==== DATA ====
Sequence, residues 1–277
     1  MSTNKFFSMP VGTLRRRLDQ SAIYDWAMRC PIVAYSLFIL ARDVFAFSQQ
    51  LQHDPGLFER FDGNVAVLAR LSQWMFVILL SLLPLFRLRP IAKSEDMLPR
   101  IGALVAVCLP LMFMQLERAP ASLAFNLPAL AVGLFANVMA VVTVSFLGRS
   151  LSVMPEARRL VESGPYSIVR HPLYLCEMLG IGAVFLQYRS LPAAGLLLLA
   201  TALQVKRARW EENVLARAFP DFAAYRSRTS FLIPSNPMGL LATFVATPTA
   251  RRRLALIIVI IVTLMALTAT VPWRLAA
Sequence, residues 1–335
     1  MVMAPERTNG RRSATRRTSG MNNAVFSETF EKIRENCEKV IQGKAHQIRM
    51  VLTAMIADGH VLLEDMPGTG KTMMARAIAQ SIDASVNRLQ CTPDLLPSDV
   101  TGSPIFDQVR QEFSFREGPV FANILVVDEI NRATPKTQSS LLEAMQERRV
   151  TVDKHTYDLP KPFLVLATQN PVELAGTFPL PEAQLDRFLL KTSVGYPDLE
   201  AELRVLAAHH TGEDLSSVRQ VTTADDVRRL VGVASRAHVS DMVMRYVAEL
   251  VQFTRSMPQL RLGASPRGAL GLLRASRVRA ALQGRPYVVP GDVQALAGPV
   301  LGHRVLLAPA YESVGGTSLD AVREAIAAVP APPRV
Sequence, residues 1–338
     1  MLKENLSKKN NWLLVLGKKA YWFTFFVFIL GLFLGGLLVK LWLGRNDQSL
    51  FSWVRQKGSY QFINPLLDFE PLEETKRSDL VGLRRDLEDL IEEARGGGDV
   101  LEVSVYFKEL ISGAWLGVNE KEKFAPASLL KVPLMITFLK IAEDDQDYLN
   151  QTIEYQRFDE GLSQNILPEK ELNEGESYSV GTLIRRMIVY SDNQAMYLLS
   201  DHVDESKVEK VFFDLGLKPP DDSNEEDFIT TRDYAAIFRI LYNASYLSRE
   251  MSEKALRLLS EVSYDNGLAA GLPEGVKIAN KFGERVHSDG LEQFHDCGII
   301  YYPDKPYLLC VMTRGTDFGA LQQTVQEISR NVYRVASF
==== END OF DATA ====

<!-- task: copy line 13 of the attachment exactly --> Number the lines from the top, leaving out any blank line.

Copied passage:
   201  AELRVLAAHH TGEDLSSVRQ VTTADDVRRL VGVASRAHVS DMVMRYVAEL